A reasonable alternative is Cumulative Voting with a Flexible Slate of Candidates. Here, candidates run “at-large”, state-wide. In a Cumulative schema, each registered voter is entitled to the same number of votes as there are open seats. They may split their vote among all candidates, or focus multiple votes on a single candidate3, such that all votes are eventually cast4. Focused voting assures a minority viewpoint, embodied by a single candidate, could receive enough votes to win a seat.

For example, if the majority party, holding 51% of the votes backs a slate of ten candidates for ten seats, and all majority party members apply their votes evenly to the slate, each candidate receives 5% of the total electoral votes. In contrast, a minority community of interest could pool all their votes towards one candidate, and if their community encompasses 6% of the electorate, their candidate would receive 6% of the total votes and therefore capture one seat from the majority. A seat they are unlikely to ever hold in ten separate district-based elections.

The advantages of Cumulative Voting (fairvote.org) are well established, and has a long history of producing unbiased outcomes. Occasionally, it is wielded as a remedy for corrupt or discriminatory elections. Unlike rank-ordering schemes, a simple vote tally determines the winners.

4A well designed computerized voting machine can simplify this process, reducing errors and minimizing disqualified ballots. Stranded votes are avoided by indicating how many votes remain to be cast, and offering to apply the remaining votes proportionately to those already cast (subject to voter over-ride, of course). An appendix will illustrate possible voting screens, both computerized and paper-based. This proposed system augments Cumulative voting with “Slates” – a bloc of candidates choosing to appear together on the ballot. Why slates? In a low-population state with only 2-3 open seats and perhaps a dozen candidates, people have the time and mental acuity to differentiate between the leading contenders. The candidates have the financial resources and opportunity to campaign effectively as individuals. On the other hand, in a large state with 30 open seats and hundreds of candidates, informed voting is problematic. While it is not the role of government to ensure voters make informed decisions, any fair voting system must not impede traditional decision methods, or create new barriers. Historically, party affiliation was relied upon by many voters as a surrogate for detailed analysis, and many voters trust slates to provide this indirect guidance-- guidance they are free to ignore in the privacy of the voting booth5.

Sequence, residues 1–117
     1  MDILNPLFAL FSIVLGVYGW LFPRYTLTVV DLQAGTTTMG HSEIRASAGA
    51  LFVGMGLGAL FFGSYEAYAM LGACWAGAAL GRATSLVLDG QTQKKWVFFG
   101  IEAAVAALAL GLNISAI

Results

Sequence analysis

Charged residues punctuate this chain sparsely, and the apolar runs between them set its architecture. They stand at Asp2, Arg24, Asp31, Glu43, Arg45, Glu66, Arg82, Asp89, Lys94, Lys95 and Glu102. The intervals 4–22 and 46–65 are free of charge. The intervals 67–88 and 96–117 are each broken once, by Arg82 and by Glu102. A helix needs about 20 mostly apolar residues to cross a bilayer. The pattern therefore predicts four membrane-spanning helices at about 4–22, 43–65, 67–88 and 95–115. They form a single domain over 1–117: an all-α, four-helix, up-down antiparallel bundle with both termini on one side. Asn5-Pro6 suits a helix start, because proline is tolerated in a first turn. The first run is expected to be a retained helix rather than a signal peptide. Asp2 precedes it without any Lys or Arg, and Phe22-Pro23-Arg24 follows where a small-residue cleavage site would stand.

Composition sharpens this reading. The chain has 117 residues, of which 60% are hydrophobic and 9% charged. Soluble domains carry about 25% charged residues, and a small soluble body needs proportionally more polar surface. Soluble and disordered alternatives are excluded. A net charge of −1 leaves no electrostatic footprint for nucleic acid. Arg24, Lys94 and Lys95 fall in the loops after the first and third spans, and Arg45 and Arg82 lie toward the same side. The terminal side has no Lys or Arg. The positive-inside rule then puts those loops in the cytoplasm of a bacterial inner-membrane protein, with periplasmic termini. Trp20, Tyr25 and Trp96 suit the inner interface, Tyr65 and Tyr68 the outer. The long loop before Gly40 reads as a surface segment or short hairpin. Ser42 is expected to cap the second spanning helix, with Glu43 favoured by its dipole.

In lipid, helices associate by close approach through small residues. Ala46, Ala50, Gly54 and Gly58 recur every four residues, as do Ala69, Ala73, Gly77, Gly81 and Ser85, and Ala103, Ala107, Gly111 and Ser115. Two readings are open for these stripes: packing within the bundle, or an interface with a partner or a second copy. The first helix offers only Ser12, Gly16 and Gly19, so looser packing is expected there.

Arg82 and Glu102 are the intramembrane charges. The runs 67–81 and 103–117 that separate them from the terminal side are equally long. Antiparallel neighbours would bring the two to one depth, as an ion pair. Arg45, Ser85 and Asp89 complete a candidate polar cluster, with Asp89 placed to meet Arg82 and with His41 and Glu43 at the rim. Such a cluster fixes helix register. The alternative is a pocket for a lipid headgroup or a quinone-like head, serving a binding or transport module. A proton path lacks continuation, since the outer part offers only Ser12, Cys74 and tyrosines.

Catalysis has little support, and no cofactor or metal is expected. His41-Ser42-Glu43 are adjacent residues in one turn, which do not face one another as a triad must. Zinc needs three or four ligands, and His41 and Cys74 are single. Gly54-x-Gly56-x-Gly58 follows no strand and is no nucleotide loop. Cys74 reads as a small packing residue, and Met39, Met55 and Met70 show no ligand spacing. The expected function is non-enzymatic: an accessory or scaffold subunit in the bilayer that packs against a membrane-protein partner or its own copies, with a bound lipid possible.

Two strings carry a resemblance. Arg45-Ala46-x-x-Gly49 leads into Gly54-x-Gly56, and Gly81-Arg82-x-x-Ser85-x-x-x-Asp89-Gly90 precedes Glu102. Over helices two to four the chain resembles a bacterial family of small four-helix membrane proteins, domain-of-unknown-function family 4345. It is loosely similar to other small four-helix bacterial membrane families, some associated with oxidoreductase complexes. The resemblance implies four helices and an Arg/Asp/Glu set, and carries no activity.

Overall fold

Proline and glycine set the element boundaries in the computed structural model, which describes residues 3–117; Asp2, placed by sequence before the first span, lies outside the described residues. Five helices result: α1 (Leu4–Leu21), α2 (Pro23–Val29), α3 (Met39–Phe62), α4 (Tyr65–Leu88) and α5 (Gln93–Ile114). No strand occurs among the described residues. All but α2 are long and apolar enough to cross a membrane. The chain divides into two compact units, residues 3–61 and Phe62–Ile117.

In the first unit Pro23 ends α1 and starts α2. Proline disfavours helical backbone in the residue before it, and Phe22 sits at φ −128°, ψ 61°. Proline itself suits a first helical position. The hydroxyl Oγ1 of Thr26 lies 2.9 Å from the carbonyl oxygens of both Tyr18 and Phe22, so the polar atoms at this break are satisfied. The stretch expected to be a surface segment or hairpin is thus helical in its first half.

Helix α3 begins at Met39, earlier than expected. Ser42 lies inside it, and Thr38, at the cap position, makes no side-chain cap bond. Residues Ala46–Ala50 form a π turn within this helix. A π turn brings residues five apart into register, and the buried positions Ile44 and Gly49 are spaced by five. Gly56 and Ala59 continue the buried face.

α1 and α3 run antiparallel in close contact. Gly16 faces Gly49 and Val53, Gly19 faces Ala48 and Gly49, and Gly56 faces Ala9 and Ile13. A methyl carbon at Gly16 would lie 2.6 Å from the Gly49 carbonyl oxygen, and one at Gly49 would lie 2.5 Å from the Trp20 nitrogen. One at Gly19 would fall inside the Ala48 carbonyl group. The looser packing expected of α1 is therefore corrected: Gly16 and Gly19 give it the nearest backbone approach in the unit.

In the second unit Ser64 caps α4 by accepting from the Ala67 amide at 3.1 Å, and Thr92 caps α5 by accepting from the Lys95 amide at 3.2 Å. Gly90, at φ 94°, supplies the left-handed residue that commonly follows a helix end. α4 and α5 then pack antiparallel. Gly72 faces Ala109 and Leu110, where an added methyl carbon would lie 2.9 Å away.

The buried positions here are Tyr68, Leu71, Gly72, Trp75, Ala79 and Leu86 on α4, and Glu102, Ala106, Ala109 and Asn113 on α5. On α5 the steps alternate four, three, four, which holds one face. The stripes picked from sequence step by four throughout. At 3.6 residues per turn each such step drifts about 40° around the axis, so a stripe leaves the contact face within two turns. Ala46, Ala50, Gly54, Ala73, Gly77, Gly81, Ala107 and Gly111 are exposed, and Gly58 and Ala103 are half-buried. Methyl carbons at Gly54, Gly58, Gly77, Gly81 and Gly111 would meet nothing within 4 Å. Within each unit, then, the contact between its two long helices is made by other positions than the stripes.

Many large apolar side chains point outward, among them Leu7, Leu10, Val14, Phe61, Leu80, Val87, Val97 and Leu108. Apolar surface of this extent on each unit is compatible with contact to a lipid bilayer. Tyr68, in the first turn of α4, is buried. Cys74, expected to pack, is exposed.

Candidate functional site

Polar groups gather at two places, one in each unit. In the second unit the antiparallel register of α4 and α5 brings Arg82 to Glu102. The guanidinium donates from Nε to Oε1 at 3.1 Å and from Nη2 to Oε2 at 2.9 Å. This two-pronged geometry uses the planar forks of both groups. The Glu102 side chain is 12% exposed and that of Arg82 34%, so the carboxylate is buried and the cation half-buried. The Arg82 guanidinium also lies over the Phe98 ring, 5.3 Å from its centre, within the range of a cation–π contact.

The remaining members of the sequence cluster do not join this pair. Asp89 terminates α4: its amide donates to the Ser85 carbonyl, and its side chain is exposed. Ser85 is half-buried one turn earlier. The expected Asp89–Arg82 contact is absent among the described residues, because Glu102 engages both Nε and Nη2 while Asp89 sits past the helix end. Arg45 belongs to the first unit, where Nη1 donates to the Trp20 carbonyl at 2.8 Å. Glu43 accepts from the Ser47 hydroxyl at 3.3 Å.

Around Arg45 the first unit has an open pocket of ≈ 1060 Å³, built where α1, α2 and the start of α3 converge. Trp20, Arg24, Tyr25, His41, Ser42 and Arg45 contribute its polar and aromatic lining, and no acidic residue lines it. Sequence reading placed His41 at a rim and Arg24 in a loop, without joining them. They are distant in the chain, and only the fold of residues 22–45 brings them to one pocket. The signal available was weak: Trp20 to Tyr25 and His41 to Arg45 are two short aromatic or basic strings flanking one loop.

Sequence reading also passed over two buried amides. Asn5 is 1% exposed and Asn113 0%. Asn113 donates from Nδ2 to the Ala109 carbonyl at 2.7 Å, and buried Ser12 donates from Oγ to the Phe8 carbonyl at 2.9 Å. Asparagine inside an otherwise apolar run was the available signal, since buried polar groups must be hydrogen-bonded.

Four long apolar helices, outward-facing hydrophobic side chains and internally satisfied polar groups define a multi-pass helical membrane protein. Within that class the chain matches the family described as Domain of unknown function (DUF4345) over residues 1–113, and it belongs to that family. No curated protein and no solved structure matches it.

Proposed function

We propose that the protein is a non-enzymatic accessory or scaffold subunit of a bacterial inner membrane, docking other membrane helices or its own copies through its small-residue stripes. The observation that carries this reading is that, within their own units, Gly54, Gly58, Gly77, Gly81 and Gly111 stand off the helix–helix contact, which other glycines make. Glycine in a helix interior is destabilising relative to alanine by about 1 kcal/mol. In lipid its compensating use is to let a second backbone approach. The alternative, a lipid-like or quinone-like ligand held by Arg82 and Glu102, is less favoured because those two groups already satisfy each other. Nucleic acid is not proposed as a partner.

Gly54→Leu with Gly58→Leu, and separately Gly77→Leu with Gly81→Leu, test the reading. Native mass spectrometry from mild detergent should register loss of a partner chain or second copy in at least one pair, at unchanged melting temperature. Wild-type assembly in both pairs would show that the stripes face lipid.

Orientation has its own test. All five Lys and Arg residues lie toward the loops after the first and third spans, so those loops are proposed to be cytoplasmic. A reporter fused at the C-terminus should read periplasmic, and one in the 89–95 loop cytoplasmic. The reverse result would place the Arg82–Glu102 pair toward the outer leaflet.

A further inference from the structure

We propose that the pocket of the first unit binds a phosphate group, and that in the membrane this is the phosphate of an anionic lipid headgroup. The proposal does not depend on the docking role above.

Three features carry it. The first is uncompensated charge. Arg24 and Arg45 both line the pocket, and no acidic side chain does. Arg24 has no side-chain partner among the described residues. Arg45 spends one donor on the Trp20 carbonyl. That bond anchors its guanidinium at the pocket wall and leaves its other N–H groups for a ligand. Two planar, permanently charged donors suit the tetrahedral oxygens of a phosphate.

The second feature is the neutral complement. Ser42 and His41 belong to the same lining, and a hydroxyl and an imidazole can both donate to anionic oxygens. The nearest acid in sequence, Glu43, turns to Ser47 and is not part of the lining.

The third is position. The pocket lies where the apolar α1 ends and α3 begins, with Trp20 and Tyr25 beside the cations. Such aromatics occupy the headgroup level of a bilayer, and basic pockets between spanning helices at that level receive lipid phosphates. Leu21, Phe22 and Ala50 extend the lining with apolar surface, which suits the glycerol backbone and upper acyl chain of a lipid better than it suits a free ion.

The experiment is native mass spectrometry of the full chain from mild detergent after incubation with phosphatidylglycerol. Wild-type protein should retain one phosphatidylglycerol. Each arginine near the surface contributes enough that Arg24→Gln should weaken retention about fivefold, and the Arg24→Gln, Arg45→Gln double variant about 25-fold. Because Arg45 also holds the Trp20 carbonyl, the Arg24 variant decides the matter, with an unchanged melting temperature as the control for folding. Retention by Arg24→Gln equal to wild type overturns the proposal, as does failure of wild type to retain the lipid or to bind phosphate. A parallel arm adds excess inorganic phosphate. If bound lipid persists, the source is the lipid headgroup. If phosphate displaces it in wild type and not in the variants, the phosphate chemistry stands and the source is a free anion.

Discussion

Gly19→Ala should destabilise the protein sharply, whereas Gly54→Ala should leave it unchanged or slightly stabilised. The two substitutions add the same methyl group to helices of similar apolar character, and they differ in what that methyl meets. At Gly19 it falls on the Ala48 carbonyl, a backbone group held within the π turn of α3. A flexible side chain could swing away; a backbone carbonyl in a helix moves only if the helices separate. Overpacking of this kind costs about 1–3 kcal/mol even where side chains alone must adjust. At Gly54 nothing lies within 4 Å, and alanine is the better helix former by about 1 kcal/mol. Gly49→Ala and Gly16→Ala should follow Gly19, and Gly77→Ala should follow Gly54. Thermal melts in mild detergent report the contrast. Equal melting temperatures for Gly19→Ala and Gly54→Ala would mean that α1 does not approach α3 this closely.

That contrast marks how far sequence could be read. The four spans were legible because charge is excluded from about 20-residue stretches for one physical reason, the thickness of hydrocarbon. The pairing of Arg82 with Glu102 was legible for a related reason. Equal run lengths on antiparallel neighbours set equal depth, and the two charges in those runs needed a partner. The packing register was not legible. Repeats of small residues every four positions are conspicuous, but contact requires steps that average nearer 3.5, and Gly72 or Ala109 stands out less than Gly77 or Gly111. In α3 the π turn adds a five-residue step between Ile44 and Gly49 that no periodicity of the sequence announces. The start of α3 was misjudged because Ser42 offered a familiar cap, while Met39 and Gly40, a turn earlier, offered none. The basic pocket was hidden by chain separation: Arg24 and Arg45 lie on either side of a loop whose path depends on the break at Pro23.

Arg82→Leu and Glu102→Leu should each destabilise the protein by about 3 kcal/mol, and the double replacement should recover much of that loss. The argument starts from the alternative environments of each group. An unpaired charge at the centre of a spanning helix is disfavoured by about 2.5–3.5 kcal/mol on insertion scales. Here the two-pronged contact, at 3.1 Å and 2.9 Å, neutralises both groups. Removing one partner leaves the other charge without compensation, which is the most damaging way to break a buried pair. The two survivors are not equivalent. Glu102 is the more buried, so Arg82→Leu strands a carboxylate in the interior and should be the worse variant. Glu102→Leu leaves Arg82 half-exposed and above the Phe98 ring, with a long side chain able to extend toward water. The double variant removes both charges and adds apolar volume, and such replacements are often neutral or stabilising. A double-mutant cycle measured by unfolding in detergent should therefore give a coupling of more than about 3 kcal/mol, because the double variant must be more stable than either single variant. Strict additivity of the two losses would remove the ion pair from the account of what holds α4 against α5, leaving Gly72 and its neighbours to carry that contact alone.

Slates offer many other advantages. While geographic districts only capture a narrow (and often artificial) community of interest, practical benefits accrue when individual representatives campaign locally and assume specific geographic responsibilities after the election. Although representatives owe allegiance to all voters in their state, a Slate would be free in the campaign to indicate that specific candidates would have additional responsibilities as the “point person” for certain localities. Which is no different than a congressman sitting on the Intelligence committee having a different set of responsibilities than a member of the Science Committee.